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8:04 PM Sat, Sept. 22nd

Bill Engvall is 'Aged and Confused' in stand-up show coming to Tim's

Comedian Bill Engvall, star of "The Bill Engvall Show" and "Blue Collar TV," comes to Tim's Toyota Center 7 p.m. Sunday, March 1. Bill recently spoke with The Daily Courier to discuss his new stand-up show and comic motivations.

Q: What's the current show about?

Bill Engvall: My new show is called "Aged and Confused." I'm at that age now where I go, "Oh my God, am I the only person who sees this, how annoying the (phone) menu is." I vent about pet peeves, like when you call somebody's cell phone, and it rings once and it goes, "Please enjoy the music while we find your party." How 'bout you just answer the phone! The whole genesis behind this show is, my whole career has been about me raising kids. Now my kids are gone. My son graduates high school in about five months and it's empty-nesting for me and my lovely bride. I've gotta tell you, it's been a blast, because I've gone back to writing the way I used to before I had kids. I can rant on stuff that just drives me nuts.

Q: Most people know you from the "Blue Collar Comedy" stuff. Is your material similar to that, or do you give it a different spin?

Engvall: I think it's similar, but I just expound on it more. "Blue Collar" - you had about 20 minutes of your own stand-up. So you really just kind of did the greatest hits. "Blue Collar" was like buying the 45. This is like buying the LP and going "Have you listened to side B? It's the best! But radio would never play side B."

Q: Do you find yourself following tangents, or do you have a good idea where you're going?

Engvall: I have an outline in mind, but you never know where the show is going to take you. Sometimes something will happen, or I'll trip up on something I said, and it turns the whole joke another way. A lot of times, it's weird, and you don't know until it happens - I'm doing my act, but my brain is way somewhere else. It's like somebody's walking down the sidewalk, and they're looking back and don't see what they tripped on.

Q: What side of your career you enjoy the most -TV, film or stand-up?

Engvall: I love the acting. I love playing somebody. My goal in acting is, I want to do something like Robin Williams did, when he played a psycho serial killer. I've gotten to a point in my career. I've done a TV show; I've done comedy, movies and dramas. But as far as stand-up goes, there's not much that beats that. When you've got an audience, and you're rolling, and we're all on the same wavelength, it's like you don't ever want it to end.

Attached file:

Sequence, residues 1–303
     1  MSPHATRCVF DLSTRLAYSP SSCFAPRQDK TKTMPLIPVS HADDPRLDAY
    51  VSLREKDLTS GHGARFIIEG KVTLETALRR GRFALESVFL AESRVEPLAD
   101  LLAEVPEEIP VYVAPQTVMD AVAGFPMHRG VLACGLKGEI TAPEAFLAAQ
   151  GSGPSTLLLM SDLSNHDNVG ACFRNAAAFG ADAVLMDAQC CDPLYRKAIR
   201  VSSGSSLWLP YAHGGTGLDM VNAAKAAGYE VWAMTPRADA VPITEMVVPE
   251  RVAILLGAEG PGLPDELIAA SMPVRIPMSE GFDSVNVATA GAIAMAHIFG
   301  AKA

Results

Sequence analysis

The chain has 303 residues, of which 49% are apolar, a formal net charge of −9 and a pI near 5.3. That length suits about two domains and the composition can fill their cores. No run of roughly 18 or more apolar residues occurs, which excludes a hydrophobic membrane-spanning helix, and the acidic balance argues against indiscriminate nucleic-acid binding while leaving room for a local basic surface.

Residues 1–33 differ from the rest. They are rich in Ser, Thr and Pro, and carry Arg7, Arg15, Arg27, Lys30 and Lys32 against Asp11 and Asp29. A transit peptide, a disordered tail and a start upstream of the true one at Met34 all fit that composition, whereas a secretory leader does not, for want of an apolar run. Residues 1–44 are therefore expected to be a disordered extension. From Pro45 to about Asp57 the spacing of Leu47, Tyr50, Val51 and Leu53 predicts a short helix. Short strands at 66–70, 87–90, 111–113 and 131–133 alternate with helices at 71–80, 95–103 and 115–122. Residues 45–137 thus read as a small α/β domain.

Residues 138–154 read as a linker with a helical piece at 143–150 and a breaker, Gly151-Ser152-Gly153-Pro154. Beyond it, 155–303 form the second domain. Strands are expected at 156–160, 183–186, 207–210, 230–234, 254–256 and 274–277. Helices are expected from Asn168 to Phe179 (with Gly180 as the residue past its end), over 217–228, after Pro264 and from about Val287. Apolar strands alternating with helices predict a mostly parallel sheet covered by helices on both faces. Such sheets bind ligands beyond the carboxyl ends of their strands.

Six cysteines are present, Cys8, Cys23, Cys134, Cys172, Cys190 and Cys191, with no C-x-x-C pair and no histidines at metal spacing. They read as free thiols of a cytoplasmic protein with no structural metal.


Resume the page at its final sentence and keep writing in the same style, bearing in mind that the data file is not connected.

Q: How do you perceive your show?

Engvall: I want it to be so anti-stand-up-ish. More like we're sitting in your living room, and I'm just a guy that starts talking. And you're just like, "I don't remember this dude's name, but he came to our house and we laughed our asses off." But if somebody takes it to another level - of you completely relaxed and just having the time of your life - then you remember that name.

Q: Which comics inspired you?

Engvall: The ultimate to me is Bill Cosby. Cosby will pull out a wingback chair onstage, and he'll sit and talk to you. He'll get up and wander around, but he'll come back and sit down. That to me is the ultimate, because that's complete confidence and complete at-ease. I was raised on Cosby and (Bob) Newhart. But my influences were also all across the board. I went from Newhart to Cosby to Carlin. Steve Martin, my God. If Steve Martin ever goes out on the road for a year, I will become a groupie. I remember being a freshman in college and listening to "Let's Get Small," and I remember thinking, "Listen to that laughter and the applause." That's what got me hooked, wondering if I can do this. That was the basics of me starting.

Q: You started "Blue Collar Comedy" sometime around the mid-'90s, right?

Engvall: "The Kings of Comedy" started - they did their thing and did huge business. But I think what we did that they didn't do is we touched a group that had largely been overlooked by the media. I think it was because it was clean. We had four different types of humor. We appealed to a much broader audience. I was talking to Jeff (Foxworthy) about this, and we knew it would be successful, because I had developed a fairly large fan base, and Jeff had a huge one. But we had no idea. There were "Blue Collar" dolls! That's just creepy on a lot of levels. But we were part of something that a couple of generations will talk about. People still ask me, "You guys ever going to get back together?" That was the main focus of our discussion, and we were like, "I don't know man. Would it be the same?" You don't ever want to try to recreate magic when it just happened to be lightning in a bottle.